Horse asthma can mainly be recognized by pumping breathing, in other words a belly that moves considerably. Stand diagonally behind your horse to look at the flanks. The abdomen needs some movement, but a squeezing motion or breathing more than 14 times a minute at rest can be an indication of asthma. Wide nostrils and noise when breathing are also not a good sign. In some horses, you can even see the anus open and close when the breath is “pumping”. Various medicines are available for asthma, but good stable management is also of the utmost importance.
Help, my horse is coughing!
What should you do now if your horse is coughing? We give you ten practical tips.
Tip 1: Call the vet if you suspect an infection
Is your horse coughing and does he also have a fever or a yellow snot nose? Or are several horses coughing? Then an infection with a virus (such as EHV or Influenza) may be the cause. Have your vet come to find out and treat this.
Tip 2: Check when your horse is coughing
Does your horse have no snotty nose or fever and does your horse cough especially when you start riding after he has been stabled for a few hours? Then a dust or hay allergy can be the cause.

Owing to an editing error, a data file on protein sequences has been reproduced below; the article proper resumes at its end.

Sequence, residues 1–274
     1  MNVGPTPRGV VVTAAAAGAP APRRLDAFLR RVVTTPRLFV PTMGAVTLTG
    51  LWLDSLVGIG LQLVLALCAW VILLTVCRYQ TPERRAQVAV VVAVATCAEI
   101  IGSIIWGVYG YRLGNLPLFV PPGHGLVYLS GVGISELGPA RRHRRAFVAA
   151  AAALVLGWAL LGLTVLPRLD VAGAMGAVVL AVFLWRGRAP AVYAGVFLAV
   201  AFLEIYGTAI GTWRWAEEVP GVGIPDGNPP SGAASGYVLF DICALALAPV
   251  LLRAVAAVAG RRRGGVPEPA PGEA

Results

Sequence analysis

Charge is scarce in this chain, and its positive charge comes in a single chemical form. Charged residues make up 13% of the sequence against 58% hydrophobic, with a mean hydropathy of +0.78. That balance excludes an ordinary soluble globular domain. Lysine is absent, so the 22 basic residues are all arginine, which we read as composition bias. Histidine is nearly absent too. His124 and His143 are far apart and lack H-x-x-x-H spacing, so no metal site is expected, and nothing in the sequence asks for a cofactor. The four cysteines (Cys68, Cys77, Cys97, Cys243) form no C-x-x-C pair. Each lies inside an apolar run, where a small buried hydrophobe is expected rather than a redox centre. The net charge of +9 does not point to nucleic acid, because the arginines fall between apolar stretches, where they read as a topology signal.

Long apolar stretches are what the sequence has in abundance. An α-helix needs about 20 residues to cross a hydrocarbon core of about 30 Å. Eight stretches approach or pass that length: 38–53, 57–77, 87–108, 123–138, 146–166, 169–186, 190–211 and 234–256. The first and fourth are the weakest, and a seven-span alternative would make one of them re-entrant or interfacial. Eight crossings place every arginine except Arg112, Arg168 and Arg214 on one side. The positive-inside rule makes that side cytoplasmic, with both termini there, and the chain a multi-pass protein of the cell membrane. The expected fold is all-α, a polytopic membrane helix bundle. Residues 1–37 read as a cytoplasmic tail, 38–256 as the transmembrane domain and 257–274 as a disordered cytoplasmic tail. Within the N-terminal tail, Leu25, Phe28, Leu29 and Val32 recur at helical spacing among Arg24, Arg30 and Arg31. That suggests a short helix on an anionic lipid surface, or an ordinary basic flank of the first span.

Tip 3: Sufficient ventilation
Provide adequate ventilation in the house. Do not open everything up against each other, because draft is not pleasant for horses, but a somewhat lower temperature is usually not a problem. So make sure you have fresh air when the horses are in the stable.
Tip 4: Put horses outside as much as possible
In general, for horses that are sensitive to respiratory irritation, it is good to stay outside in the fresh air as much as possible. Even in winter.
Tip 5: Keep your horse’s resistance as good as possible
A healthy immune system is the best defense against respiratory infections. Make sure your horse gets enough exercise, eats healthy and gets all the necessary vitamins and minerals. You can also support his resistance with a six-monthly detox or a special supplement such as HELTIE horse® Cannabidol.
Tip 6: Prevent mold and dust in hay